Christophe Allary began surfing at the age of 7 slap bang next to where he grew up on Reunion Island in the Indian Ocean. After completing his school studies, the young Frenchman took the plunge and decided to commit fully to his fledgling professional surfing career. Surrounded back home by several other gifted surfers including current World Tour surfer Jeremy Flores and O'Neill teammate Hugo Savalli, Christophe realized early on that he would need to travel and surf all over the world in order to improve his chances of making it big. While Allary's powerful surfing style has been compared by some to that of Dream Tour surfer Andy Irons, the Frenchman remains fully focussed on representing the European contingent at the top level of international surfing. After several promising results on the WQS in recent seasons, Christophe is keener than ever to maintain the momentum he's built up in order to cement his position inside the world's top 50 surfers. Now based out of Bayonne on mainland France, Allary is once again planning to showcase his aggressive riding talent in as many of this season's maximum rated WQS contests as possible. Longer term, qualification to the Dream Tour remains the ultimate objective. Given Allary's explosive skills on a surfboard and his unwavering spirit of determination, he has every chance of achieving that goal.
Q: What has been the biggest highlight of the past 12 months for you?
A: Getting 5th at the 6 Star Prime O'Neill Cold Water Classic Scotland, as well as some magazine cover shots and O'Neill ads.
Q: What's the best thing about riding for a living?
A: The best thing is to wake up in the morning, jump in the car, turn up the stereo and head off to the best waves I can find. Then it's all about the surfing followed by a nice fresh shower. It's also really cool to be able to travel so that I can discover new cultures and meet new people.
Q: Who do you enjoy riding with the most, and why?
A: There are different ways of looking at it, I think. I like to surf with my good friends, laughing and joking about last night's stories, hahaha. It's also great to paddle out with surfers that are much better than you - it pushes you to progress and try heavier stuff. I also love to surf alone, wherever and whenever I want. It's nice to climb into your own little bubble, so you can buzz off you own sense of drive and enjoy everything that's going on around you.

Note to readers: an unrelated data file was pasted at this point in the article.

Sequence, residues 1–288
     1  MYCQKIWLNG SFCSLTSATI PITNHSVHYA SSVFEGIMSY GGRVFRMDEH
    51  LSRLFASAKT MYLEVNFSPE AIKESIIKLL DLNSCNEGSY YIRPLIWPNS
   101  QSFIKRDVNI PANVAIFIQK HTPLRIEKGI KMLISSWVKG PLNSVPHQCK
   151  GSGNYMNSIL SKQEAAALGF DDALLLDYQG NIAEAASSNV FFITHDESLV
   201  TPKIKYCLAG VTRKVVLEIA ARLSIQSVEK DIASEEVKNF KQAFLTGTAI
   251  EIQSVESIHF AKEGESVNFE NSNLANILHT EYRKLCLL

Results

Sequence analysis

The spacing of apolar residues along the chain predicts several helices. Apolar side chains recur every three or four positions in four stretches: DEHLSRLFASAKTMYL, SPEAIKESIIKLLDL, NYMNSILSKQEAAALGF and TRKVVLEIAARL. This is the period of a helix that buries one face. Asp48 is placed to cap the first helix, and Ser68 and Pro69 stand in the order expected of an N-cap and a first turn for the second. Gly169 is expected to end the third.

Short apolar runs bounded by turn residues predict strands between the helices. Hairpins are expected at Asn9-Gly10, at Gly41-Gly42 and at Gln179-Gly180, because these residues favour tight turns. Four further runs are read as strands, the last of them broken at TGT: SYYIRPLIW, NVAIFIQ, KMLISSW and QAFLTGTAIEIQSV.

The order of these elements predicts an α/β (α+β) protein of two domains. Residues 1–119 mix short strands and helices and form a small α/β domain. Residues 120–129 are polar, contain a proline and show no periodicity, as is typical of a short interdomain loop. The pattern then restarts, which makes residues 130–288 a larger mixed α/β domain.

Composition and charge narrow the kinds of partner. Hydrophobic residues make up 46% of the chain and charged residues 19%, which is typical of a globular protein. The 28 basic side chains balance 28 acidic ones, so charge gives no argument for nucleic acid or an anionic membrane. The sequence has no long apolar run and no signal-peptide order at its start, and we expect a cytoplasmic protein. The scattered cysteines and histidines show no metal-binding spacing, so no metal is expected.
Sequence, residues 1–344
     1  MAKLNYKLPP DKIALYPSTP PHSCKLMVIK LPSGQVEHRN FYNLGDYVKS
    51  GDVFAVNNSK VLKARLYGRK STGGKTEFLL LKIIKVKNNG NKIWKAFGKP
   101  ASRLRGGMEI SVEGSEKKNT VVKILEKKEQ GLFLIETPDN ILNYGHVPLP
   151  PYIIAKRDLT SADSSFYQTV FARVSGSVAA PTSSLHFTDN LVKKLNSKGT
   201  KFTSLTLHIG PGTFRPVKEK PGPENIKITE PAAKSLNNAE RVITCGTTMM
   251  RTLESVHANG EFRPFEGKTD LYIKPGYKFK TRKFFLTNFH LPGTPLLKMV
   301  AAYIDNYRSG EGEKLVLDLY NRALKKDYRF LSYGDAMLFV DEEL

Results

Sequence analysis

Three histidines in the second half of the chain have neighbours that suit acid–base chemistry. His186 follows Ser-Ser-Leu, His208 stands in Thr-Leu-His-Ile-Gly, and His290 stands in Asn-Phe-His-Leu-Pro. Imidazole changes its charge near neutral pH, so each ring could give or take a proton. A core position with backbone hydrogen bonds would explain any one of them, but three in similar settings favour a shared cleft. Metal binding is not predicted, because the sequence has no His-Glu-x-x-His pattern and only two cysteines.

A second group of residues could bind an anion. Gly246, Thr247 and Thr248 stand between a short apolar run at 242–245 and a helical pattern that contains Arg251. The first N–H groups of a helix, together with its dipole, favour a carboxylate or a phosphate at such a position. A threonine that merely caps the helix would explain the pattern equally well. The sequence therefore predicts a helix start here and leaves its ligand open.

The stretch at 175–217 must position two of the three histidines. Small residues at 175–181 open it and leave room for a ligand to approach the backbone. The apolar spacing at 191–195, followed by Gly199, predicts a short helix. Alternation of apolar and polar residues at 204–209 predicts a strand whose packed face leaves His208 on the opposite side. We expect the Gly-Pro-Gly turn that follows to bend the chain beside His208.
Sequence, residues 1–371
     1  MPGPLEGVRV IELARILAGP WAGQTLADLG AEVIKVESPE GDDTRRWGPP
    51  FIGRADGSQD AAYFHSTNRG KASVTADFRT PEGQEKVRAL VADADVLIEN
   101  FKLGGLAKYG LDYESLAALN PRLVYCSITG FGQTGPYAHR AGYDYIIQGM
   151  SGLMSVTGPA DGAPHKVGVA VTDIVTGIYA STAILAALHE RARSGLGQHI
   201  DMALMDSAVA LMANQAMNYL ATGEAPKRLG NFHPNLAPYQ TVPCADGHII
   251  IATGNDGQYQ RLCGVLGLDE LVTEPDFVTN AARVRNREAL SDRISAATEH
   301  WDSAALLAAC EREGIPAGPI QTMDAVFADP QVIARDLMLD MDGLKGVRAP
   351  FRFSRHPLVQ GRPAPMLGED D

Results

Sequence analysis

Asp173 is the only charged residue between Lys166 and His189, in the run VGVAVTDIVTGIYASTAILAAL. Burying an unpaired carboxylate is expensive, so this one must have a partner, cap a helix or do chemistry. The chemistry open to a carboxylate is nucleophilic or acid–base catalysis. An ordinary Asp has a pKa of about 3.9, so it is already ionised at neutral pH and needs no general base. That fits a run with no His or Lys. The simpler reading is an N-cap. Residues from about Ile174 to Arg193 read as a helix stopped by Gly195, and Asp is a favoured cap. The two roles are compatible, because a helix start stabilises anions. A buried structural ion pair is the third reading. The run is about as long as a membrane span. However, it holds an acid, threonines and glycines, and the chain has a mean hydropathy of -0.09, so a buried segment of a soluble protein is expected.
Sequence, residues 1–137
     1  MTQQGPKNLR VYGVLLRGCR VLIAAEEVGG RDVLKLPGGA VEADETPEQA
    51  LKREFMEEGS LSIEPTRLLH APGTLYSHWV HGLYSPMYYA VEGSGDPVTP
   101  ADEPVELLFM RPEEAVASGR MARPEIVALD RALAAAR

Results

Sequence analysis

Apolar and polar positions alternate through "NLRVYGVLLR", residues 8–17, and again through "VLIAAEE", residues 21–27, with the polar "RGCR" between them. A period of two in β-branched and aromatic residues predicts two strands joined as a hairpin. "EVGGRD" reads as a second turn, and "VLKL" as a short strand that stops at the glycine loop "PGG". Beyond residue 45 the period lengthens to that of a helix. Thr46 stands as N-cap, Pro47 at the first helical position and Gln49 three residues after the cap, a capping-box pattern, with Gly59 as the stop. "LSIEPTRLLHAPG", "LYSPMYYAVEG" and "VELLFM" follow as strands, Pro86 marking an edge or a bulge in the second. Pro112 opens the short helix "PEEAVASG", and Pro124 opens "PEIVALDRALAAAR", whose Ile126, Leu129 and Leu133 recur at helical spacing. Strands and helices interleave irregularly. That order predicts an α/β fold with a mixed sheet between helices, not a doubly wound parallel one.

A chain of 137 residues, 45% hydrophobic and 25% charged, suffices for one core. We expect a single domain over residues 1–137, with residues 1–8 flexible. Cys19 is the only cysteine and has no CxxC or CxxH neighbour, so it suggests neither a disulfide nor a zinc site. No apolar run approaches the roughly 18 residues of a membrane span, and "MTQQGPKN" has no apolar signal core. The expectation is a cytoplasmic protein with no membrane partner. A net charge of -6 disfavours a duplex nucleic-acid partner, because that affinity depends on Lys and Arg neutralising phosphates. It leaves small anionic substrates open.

Q: Other than home, where is your favorite place to ride, and why?
A: I like to surf reef islands and warm waves. Good weather and sunlight straight in the morning make it that much easier to get out of bed, and that much easier to paddle out. It's also cool to be able to chill on the beach in your boardshorts as you get ready for your next session in the water.
Q: What are your main goals and plans for the next 12 months?
A: I want to nail my highest reverse air ever! As far as the WQS is concerned, I'll surf at 100% even if that means there's a greater risk of me falling. I hate surfing at anything less than full throttle. I also want to get even better video footage and photos than I did last year. Finally, I want to keep pushing myself in terms of maneuvers and improve my overall surfing ability.
Q: How do you see your sport evolving in the next few years?
A: The ASP just changed the concept for the World Tour and WQS. I think it's already better now with just one ranking system so that surfers can be promoted to World Tour throughout the year. It will make the ranking system more relevant and will help to maintain an even better standard of surfing. Some surfers have been on the Dream Tour for years while others have qualified maybe when they weren't really good enough to do so. The recent changes are already a good start. I think free surfing will continue to grow thanks to the internet and access to video footage. Pros have much better cameras and are better at shooting spots to create clips and news pieces. That whole digital revolution is growing so fast now and I think it could begin to overshadow the role of magazines. Lots of surfers have their own blogs while many sites have better and more up-to-date news feeds than the print press.
Q: Have you got any plans to film a new video part, and if yes, with which film company?
A: Ludo Lasserre from Falling Angels Prod has been tracking and filming me over the course of the last few years, and will continue to do so this year for his next video and my own blog - coming soon.
Q: What do you do for fun when you are not riding?
A: I like to play video games with friends and surf the net. I love freediving when I'm back home. And of course it's always nice to spend a little time with girls!
Q: What achievement are you most proud of so far in your career?
A: Hmm, I think I'm just proud of the fact that I've become a much better surfer than I ever thought possible when I was younger.
Q: If you didn't ride for a living, what would you have liked to be doing now for an occupation?
A: Perhaps I'd be married to some rich woman! On a more serious note, I think I would definitely try to stay in sport and around nature. It beats commuting to the office every morning hands-down!
Q: What trick do you enjoy the most?
A: Huge late air no grab!